On Gray: “Gary Gray has to play big for us. Gary Gray is a guy that has not been consistent enough on a day-to-day basis. At the end of the day, you have Blanton and you’ve got Walls, and you’ve
got Gary Gray and those are the three guys that have experience. Other
than that, we are tapping into zero experience. So he hears it from me
every day. He has to pick up his play.”

On Smith: “Harrison probably has been the number one guy in terms of his
performance. His
play has been steady and consistent.”

On Motta: “He’s a good player. He’s done a great job for us. I can’t wait to see some of these guys play, including Zeke. He’s going to be running around all over the place.”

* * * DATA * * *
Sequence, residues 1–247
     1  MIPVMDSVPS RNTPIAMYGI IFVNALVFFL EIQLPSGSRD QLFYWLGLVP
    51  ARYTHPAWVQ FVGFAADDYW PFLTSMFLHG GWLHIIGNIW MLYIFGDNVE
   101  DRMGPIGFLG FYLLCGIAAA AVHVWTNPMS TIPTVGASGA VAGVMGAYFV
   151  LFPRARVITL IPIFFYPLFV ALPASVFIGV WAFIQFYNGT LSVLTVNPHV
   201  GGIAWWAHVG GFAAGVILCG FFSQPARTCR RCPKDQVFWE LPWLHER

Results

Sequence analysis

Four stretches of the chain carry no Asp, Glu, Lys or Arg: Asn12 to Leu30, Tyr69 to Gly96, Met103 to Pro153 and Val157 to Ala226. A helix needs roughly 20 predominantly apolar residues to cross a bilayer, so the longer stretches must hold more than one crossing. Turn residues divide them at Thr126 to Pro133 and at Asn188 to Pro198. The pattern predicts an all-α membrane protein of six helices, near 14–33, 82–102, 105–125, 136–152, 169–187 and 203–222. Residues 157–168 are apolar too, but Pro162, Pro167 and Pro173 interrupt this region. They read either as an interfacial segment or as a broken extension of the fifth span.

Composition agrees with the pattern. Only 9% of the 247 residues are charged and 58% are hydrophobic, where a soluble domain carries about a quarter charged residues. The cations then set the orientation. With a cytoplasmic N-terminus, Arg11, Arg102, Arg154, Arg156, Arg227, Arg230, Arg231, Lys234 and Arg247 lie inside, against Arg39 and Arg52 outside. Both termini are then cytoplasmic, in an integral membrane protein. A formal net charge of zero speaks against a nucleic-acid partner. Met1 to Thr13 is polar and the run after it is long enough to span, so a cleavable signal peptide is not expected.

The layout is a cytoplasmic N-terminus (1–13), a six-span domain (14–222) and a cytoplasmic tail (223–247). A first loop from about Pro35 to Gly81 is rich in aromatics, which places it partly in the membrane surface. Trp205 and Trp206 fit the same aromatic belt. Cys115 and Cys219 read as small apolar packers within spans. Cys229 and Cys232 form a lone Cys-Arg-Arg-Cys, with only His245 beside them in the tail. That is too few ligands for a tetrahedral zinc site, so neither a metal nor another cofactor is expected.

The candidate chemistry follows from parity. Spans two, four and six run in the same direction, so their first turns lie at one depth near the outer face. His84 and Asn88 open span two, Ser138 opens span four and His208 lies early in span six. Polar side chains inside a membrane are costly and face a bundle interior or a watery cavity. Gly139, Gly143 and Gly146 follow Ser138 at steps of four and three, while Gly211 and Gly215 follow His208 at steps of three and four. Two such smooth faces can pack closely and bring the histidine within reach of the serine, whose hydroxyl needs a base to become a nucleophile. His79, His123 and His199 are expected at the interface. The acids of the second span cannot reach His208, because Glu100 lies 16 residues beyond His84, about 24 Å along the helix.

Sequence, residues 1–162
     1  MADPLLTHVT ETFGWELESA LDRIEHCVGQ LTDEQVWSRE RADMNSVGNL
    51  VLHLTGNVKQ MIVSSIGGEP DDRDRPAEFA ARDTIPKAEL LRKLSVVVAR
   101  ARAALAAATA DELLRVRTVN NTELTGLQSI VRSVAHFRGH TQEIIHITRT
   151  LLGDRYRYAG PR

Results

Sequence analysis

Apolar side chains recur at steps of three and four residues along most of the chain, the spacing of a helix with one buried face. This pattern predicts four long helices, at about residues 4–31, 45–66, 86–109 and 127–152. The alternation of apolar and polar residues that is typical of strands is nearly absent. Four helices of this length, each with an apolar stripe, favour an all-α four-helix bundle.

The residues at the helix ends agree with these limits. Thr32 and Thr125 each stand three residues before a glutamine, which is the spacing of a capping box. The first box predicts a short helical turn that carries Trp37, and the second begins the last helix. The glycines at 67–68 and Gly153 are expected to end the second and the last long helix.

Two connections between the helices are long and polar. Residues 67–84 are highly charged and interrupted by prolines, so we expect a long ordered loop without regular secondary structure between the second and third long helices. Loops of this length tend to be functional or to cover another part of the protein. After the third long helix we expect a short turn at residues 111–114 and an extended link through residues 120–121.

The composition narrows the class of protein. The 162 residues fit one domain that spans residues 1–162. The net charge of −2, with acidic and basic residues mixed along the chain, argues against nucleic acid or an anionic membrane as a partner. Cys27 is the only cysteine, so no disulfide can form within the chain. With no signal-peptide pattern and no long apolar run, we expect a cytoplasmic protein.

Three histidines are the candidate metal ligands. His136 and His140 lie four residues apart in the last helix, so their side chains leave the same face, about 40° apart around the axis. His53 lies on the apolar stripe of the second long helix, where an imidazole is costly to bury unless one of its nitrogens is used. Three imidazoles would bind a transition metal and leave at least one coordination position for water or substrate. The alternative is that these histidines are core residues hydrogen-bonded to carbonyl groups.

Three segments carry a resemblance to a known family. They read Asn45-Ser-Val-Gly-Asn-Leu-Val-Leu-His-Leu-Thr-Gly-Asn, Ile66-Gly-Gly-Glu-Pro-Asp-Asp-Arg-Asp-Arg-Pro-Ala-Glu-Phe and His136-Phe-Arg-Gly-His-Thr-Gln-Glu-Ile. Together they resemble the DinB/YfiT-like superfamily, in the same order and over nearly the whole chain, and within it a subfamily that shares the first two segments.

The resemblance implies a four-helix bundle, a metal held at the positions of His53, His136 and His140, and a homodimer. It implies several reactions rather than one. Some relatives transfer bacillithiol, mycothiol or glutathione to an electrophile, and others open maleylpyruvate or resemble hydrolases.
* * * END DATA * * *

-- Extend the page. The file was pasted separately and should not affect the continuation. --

Chuck Martin on McCarthy: “McCarthy is a guy who we think is a pretty good football player.We don’t have a lot of numbers back there, but the four guys we have, we feel are capable of helping us win football games.

Martin on Gallup: “He’s done well since he’s been over there. He’s a tough kid. He’s quick. Obviously he’s drinking through a fire house right now. But he’s an older kid, so he’s like, ‘Hey, I’m going to go out there and battle and take every rep I can get and keep competing to see how I can help this football team.’ He’s excited and we’re excited so I think it’s a good fit.”

Martin on Wood: “We’re getting unbelievable consistent effort out of him… He is trying to do it right every single snap. His approach to the game is absolutely what a coach is looking for.”